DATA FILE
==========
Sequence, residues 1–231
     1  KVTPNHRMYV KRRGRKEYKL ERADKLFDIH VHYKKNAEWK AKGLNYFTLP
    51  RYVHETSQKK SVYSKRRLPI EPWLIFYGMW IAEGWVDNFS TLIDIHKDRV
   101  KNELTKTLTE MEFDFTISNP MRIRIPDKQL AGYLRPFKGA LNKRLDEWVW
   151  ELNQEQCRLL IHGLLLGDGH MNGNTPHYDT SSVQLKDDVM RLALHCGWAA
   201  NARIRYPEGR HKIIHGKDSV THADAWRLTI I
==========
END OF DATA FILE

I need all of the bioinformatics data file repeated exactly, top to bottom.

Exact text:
Sequence, residues 1–231
     1  KVTPNHRMYV KRRGRKEYKL ERADKLFDIH VHYKKNAEWK AKGLNYFTLP
    51  RYVHETSQKK SVYSKRRLPI EPWLIFYGMW IAEGWVDNFS TLIDIHKDRV
   101  KNELTKTLTE MEFDFTISNP MRIRIPDKQL AGYLRPFKGA LNKRLDEWVW
   151  ELNQEQCRLL IHGLLLGDGH MNGNTPHYDT SSVQLKDDVM RLALHCGWAA
   201  NARIRYPEGR HKIIHGKDSV THADAWRLTI I